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Grads oppose PROSPER Act in DC

Some students say they would not be able to afford proposed repayment plans

From+left%3A+Candace+Chappelle%2C+Shima+Bahramvash+Shams%2C+Joshua+Munroe%2C+Jennifer+Johnson+and+Shannon+Kozlovich+met+with+lawmakers+to+discuss+proposed+changes+to+higher+education.
From left: Candace Chappelle, Shima Bahramvash Shams, Joshua Munroe, Jennifer Johnson and Shannon Kozlovich met with lawmakers to discuss proposed changes to higher education.

From left: Candace Chappelle, Shima Bahramvash Shams, Joshua Munroe, Jennifer Johnson and Shannon Kozlovich met with lawmakers to discuss proposed changes to higher education.

Courtesy of Candace Chappelle

Courtesy of Candace Chappelle

From left: Candace Chappelle, Shima Bahramvash Shams, Joshua Munroe, Jennifer Johnson and Shannon Kozlovich met with lawmakers to discuss proposed changes to higher education.

ANGELICA RELENTE, Evergreen news editor

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A group of WSU graduate and professional students traveled to Washington, D.C. over spring break to lobby against a bill that could limit available loans and affect loan repayment plans.

Members from the Graduate and Professional Student Association attended a national summit to advocate against the Promoting Real Opportunity, Success and Prosperity through Education Reform Act.

The summit included two-day informational sessions and a congressional visit to meet with representatives on Capitol Hill.

Joshua Munroe, GPSA vice president of legislative affairs, said the PROSPER Act contains many appealing proposals for conservatives, but would be harmful for both current and prospective students of higher education at the undergraduate and graduate levels.

One of the proposals in the PROSPER Act is placing a cap on the amount of loans graduate and professional students are able to obtain, Munroe said. Graduate and professional students would only be allowed to take out $28,500 a year and $150,000 in loans over the course of their education.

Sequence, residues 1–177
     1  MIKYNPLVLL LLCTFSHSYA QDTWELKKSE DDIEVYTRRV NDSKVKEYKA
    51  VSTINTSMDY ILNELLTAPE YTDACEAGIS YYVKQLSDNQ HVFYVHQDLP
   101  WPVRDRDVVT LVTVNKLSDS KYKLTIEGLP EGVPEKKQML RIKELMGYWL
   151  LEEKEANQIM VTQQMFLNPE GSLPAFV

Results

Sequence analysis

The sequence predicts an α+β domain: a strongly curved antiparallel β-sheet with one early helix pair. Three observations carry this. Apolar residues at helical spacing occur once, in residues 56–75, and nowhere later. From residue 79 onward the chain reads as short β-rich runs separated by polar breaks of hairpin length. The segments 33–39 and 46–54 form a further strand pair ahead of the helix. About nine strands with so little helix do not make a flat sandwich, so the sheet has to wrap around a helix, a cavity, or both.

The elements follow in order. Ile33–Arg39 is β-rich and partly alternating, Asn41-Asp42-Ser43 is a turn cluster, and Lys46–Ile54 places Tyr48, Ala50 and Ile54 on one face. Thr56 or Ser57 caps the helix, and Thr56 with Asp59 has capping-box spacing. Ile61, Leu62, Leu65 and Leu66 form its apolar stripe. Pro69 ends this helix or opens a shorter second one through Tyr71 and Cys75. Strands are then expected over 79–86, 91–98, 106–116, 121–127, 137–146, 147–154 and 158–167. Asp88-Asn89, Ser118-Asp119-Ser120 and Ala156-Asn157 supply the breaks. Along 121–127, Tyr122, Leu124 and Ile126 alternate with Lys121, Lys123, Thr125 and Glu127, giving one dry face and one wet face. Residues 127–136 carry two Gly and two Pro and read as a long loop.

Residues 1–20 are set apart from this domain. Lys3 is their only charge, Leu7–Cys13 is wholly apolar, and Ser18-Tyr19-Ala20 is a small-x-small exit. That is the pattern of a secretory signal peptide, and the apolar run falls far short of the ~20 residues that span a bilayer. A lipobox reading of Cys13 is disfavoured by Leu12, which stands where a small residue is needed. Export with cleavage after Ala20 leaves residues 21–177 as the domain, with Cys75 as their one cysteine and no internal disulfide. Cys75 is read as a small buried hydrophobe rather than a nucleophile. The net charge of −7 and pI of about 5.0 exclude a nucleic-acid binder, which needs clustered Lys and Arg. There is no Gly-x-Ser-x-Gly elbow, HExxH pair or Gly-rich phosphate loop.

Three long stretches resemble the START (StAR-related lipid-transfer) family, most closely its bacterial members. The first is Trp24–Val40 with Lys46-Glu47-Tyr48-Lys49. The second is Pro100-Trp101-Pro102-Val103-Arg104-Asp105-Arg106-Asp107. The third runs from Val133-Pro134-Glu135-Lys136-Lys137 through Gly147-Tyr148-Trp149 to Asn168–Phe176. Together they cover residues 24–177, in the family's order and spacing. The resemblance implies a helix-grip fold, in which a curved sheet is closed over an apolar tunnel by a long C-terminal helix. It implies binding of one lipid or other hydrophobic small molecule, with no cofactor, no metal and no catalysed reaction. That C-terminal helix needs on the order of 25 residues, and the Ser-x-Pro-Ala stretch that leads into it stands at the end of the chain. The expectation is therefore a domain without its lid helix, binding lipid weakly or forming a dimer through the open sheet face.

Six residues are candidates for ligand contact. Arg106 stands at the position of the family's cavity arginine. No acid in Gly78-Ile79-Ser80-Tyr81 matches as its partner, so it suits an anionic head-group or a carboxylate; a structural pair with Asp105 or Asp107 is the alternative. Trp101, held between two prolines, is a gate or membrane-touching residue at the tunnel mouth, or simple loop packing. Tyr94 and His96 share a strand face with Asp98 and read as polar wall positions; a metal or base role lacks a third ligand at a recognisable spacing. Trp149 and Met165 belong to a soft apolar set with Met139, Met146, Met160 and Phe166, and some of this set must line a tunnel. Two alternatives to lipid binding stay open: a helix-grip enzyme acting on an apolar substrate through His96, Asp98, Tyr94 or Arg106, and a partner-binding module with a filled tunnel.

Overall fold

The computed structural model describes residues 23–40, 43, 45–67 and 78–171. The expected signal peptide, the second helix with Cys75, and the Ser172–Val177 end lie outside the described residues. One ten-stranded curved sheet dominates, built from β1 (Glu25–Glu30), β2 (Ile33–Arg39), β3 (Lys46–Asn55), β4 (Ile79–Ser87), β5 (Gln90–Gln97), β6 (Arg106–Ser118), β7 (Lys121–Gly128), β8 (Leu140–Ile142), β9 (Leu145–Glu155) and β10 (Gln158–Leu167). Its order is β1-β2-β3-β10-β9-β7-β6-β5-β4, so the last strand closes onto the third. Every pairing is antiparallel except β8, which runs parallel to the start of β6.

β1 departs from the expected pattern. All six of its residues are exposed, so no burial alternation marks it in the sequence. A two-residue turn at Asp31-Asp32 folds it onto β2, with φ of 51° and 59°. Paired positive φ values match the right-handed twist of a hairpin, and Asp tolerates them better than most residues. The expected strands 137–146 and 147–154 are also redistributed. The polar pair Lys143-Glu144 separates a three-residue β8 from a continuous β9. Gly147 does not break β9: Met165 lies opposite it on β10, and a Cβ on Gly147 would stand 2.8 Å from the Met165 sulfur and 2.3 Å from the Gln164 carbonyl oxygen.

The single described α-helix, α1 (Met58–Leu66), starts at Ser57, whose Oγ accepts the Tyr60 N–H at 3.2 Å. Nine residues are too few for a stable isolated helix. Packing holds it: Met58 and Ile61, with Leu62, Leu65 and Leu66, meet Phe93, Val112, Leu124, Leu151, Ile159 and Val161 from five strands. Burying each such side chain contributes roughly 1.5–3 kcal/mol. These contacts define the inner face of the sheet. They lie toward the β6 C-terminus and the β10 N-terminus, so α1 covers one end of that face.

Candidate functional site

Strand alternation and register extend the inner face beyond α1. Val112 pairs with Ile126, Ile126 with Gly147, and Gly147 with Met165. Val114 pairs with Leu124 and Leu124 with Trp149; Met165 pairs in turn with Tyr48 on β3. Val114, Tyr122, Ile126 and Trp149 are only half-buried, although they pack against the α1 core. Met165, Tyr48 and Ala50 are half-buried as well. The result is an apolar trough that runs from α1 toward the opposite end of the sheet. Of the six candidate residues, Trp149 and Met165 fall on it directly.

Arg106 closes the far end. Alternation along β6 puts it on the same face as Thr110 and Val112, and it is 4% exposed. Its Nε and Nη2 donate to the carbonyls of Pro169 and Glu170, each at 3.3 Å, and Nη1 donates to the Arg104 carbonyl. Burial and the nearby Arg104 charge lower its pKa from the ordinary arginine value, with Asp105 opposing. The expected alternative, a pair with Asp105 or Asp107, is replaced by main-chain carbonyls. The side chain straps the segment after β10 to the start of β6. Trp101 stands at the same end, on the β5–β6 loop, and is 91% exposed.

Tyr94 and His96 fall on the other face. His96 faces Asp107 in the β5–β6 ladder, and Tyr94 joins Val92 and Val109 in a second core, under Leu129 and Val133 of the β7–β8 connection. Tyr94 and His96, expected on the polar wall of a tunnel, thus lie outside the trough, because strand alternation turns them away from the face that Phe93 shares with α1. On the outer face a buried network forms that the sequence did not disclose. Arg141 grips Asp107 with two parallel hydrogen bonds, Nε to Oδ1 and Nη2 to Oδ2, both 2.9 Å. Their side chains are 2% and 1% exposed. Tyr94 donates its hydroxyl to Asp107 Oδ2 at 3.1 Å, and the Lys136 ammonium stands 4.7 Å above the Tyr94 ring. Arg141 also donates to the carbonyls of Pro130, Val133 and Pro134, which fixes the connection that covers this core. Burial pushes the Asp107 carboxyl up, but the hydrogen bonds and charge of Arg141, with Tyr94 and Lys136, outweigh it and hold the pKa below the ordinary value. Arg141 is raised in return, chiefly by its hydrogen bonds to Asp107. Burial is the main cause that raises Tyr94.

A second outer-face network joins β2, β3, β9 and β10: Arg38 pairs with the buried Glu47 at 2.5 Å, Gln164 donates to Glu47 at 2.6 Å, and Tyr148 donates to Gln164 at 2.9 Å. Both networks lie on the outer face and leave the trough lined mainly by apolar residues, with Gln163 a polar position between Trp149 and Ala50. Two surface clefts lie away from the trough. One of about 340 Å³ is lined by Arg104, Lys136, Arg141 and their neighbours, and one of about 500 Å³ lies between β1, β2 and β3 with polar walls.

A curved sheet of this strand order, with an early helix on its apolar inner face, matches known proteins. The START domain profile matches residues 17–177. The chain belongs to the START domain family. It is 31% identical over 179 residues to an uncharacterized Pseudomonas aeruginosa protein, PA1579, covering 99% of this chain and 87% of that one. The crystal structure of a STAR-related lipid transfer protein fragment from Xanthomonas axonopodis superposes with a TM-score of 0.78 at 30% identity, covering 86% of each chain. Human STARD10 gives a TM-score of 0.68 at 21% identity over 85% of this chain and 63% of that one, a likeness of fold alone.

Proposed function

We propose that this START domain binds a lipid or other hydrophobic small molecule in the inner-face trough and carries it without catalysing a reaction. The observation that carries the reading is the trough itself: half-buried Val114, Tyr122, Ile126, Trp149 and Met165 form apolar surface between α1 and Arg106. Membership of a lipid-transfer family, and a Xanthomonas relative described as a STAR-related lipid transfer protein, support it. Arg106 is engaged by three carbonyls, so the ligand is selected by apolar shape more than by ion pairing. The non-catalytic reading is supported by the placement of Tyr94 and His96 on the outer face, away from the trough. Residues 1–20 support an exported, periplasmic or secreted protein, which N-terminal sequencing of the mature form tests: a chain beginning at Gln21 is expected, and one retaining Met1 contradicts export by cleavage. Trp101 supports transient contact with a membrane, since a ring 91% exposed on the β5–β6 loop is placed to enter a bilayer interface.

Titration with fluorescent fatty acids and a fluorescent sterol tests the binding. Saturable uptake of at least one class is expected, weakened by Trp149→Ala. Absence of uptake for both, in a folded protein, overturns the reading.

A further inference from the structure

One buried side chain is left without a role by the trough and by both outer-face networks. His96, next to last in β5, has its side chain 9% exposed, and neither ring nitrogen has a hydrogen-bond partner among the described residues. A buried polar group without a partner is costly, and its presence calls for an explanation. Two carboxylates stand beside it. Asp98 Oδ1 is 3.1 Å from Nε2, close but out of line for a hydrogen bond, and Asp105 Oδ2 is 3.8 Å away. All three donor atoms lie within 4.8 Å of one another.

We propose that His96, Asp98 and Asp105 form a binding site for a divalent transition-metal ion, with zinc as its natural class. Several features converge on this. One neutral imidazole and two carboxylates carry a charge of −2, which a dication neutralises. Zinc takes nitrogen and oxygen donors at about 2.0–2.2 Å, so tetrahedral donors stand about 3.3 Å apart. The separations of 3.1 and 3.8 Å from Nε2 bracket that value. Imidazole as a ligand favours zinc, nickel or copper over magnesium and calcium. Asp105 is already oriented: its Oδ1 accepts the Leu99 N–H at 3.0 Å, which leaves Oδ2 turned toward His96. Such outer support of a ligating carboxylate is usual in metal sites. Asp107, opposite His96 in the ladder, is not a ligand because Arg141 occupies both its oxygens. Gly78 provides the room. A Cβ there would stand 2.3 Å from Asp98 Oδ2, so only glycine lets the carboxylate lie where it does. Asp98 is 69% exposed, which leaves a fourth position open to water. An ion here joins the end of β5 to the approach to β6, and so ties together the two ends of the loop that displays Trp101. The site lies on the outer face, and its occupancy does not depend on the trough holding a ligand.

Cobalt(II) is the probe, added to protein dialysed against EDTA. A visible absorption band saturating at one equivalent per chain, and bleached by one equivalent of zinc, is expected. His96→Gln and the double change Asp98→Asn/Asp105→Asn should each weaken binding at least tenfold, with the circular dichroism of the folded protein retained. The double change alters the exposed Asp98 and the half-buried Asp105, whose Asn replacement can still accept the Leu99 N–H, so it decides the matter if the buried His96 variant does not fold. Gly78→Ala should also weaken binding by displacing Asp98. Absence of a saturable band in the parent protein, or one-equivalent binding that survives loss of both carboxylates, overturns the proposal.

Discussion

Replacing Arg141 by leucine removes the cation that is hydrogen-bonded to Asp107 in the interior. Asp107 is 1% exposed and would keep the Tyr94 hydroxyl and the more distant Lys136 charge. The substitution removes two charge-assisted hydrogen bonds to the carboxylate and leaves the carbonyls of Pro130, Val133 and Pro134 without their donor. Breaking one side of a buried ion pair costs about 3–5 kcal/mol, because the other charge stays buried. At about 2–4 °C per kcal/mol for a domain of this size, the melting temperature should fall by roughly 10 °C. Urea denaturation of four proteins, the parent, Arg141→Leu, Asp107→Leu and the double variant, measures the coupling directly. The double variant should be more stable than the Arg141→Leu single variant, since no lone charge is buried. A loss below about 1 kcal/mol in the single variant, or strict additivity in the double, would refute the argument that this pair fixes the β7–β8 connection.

“It sounds like it may not be breaking the bank for some folks, but this is particularly harmful for people who want to do advanced degrees,” Munroe said. “You need loans to cover masters, Ph.D., professional degrees — it just wouldn’t be able to cover it.”

Another proposal is the removal of current loan repayment plans, Munroe said. Under the PROSPER Act, current repayment plans would be eliminated and replaced by a new income-based repayment plan, according to Section 466 of the act.

“Without having a good loan repayment plan or a graduated loan rate … some people would be paying back almost $2,000 a month just to pay off their loans,” Munroe said. “It’s like three times the rent that I’m paying right now. There’s no way in hell I’ll be able to do that.”

Munroe said education is vital for students to live the best lives they can, but the PROSPER Act might prohibit students from achieving that goal.

“This bill in its current form, it seems like it will only advantage people who are able to pay for their education independently,” Munroe said. “People who have connections and people who are from non-marginalized groups, historically.”

Rep. Virginia Foxx, R-N.C., proposed the PROSPER Act in December. The intent of this legislation is to reauthorize and overhaul the federal programs and regulations of the Higher Education Act according to a handout provided by Munroe.

HEA provides federal aid to students and programs in postsecondary education, according to the Congressional Research Service report.

Munroe said they heard the PROSPER Act might not pass, which also means HEA would not be reauthorized this year either. First passed in 1965, HEA has seen updates and undergone reauthorization in 1998, 2003 and 2008. He said not revisiting HEA could mean the bill is outdated.

“We want to at least have those rules reauthorized,” Munroe said, “so that colleges and universities have effective guidance going forward.”

The PROSPER Act passed the House Committee on Education and the Workforce and is currently waiting for a vote by the entire chamber.

“There just aren’t the votes in the house to pass it at this point in time,” Munroe said, “which is good for us.”

He said the proposed higher education overhaul does not match up with the needs of graduate and professional students.

“It’s a bad assumption to make [that] if you get a Ph.D., you’re going to be making six figures off the bat,” Munroe said. “That’s not true for almost all of us, which is why we need to have advocacy, and that’s why we’re much more policy-focused.”

About the Writer
ANGELICA RELENTE, Evergreen reporter

Angelica is a sophomore Journalism and Media Production major from Hawaii.

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Grads oppose PROSPER Act in DC